Episodes 2020; 43(1): 187-202
Published online March 1, 2020
Copyright © International Union of Geological Sciences.
T. Radhakrishna1*and K. Vijaya Kumar2
1. National Centre for Earth Science Studies, Trivandrum – 695011, Kerala, India
2. School of Earth Sciences, SRTM University, Nanded – 431606, Maharashtra, India
* Present address: GITAM University, Nagadenehalli, Doddaballapur Taluk, Bangalore – 561203, Karnataka, India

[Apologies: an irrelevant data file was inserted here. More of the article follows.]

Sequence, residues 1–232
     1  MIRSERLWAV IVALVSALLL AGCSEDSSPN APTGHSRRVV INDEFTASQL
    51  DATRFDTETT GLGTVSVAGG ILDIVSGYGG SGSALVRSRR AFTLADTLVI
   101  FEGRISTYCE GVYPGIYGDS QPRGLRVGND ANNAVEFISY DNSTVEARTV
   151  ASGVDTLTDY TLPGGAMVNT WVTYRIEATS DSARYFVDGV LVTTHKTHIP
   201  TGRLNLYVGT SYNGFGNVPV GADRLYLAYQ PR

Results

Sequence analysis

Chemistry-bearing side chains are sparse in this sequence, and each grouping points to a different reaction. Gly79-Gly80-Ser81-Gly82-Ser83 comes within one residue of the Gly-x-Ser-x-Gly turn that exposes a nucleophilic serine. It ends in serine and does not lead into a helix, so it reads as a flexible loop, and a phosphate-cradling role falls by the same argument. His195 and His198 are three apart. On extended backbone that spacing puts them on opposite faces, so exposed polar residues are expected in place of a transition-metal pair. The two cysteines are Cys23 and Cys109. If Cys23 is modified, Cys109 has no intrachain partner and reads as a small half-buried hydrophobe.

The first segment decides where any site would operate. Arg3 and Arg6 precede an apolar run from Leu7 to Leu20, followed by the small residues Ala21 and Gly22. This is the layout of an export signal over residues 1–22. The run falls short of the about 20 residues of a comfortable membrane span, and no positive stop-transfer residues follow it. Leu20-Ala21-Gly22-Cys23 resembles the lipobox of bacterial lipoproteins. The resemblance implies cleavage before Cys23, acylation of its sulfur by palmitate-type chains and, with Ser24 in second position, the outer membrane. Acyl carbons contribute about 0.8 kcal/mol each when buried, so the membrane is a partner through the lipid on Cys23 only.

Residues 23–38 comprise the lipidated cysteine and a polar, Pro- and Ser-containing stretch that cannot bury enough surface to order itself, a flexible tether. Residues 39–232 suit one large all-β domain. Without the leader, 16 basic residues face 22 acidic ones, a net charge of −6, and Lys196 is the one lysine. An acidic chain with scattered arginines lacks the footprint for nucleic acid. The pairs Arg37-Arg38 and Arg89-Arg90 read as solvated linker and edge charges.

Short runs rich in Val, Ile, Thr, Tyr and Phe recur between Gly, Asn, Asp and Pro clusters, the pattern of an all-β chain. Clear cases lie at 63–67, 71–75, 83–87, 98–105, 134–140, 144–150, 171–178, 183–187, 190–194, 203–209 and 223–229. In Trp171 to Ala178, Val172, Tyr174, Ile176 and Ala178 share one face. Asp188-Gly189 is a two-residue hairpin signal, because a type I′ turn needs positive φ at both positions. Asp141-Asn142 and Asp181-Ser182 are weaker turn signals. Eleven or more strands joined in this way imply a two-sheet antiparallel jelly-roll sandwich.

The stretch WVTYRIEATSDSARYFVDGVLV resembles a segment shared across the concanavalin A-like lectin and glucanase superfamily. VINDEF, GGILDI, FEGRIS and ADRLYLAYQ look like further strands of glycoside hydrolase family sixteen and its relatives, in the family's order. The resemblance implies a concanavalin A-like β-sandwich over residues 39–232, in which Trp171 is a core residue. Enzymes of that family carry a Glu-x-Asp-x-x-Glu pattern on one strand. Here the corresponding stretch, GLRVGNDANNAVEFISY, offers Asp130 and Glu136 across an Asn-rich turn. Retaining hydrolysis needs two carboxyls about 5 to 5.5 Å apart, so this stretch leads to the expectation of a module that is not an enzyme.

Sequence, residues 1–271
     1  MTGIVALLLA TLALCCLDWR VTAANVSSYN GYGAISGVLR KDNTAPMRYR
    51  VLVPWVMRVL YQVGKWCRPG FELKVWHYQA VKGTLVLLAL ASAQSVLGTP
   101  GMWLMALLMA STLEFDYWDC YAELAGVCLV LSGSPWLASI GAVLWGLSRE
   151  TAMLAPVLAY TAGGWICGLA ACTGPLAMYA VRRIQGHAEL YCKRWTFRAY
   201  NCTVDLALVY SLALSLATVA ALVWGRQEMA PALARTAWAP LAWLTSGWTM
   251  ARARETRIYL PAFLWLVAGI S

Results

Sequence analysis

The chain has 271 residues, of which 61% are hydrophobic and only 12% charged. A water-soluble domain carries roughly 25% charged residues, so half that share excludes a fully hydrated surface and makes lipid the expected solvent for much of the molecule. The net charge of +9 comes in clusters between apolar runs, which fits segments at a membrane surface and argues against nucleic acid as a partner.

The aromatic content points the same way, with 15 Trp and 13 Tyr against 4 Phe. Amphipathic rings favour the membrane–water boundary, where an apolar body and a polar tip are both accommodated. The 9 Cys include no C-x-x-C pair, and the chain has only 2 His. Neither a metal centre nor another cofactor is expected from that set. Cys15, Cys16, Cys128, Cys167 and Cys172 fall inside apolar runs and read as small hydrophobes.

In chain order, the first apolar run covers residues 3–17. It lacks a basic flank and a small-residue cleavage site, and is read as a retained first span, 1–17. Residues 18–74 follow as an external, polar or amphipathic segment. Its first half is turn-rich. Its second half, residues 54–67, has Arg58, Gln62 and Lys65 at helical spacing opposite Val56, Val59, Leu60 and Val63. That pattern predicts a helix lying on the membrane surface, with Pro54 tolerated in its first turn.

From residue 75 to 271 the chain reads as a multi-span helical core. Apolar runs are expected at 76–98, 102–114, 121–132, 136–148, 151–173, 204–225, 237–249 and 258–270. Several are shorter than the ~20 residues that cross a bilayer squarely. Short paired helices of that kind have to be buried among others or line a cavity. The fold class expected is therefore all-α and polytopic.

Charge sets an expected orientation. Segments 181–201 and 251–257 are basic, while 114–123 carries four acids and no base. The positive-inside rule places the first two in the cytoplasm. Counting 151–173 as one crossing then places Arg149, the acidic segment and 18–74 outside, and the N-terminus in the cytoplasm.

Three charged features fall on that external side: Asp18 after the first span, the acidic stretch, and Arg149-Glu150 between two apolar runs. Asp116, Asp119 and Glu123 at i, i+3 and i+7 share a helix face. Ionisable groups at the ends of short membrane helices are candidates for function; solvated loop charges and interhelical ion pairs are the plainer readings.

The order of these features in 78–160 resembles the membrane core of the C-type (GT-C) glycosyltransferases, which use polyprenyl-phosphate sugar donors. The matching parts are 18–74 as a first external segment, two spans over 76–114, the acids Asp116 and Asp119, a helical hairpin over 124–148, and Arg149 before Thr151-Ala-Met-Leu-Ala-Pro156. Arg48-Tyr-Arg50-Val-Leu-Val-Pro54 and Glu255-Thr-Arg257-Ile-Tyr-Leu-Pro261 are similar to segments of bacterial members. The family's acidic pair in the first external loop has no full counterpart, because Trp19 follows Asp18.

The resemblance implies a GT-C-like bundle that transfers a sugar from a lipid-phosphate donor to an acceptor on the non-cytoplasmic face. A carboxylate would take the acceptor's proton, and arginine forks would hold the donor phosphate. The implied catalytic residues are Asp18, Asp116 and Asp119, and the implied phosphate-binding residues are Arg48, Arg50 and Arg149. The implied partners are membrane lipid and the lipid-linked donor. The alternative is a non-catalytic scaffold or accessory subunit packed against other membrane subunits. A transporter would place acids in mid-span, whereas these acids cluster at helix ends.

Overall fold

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In this paper we have synthesized the published and unpublished geochemical data on the Palaeoproterozoic mafic magmatism in the Indian Shield. Palaeoproterozoic mafic magmatism is widespread in the Indian Shield; it mostly emplaced as dyke intrusions within the cratons and south Indian granulite region and as intrusives/traps in the intra-cratonic basins and the Eastern Ghat Mobile Belt. Integration of the U-Pb ages with palaeomagnetic results identified at least four discrete Palaeoproterozoic igneous events at 2.36-2.37 Ga, 2.1-2.2 Ga, 2.0-2.1 Ga 1.89-1.99 Ga and probably two other events at about 2.4 Ga and 1.8 Ga. The Palaeoproterozoic magmatism across the Indian cratons seems geochemically monotonous and exclusively mafic and sub-alkalic tholeiitic basalt/basaltic andesite in composition with typical enrichment of large ion lithophile and light rare earth elements. Fractional crystallization is the dominant mechanism controlling the geochemical spectrum of the Indian Palaeoproterozoic magmas with little indications of crustal assimilation. Asthenosphere mantle is the major supplier of material for the Palaeoproterozoic igneous activity. Sub-Continental Lithosphere Mantle (SCLM) seems to be the major contributor for the enriched characteristics of the Palaeoproterozoic mafic magmas erupted in the Indian Shield. Thermal energy for the initiation of melting is likely contributed by mantle plumes although a passive rifting is not ruled out. Geochemistry of the Palaeoproterozoic mafic magmas in some way appears to have similarities to that of the end-Cretaceous Deccan basaltic magmas and do reflect plume-lithosphere interaction. The SCLM beneath the Indian Shield was possibly enriched by addition of fluids/melts of deep mantle origin. We suggest that the major segments of the Indian SCLM were generated at around 3 Ga coinciding with a major crustal building activity in the Indian shield.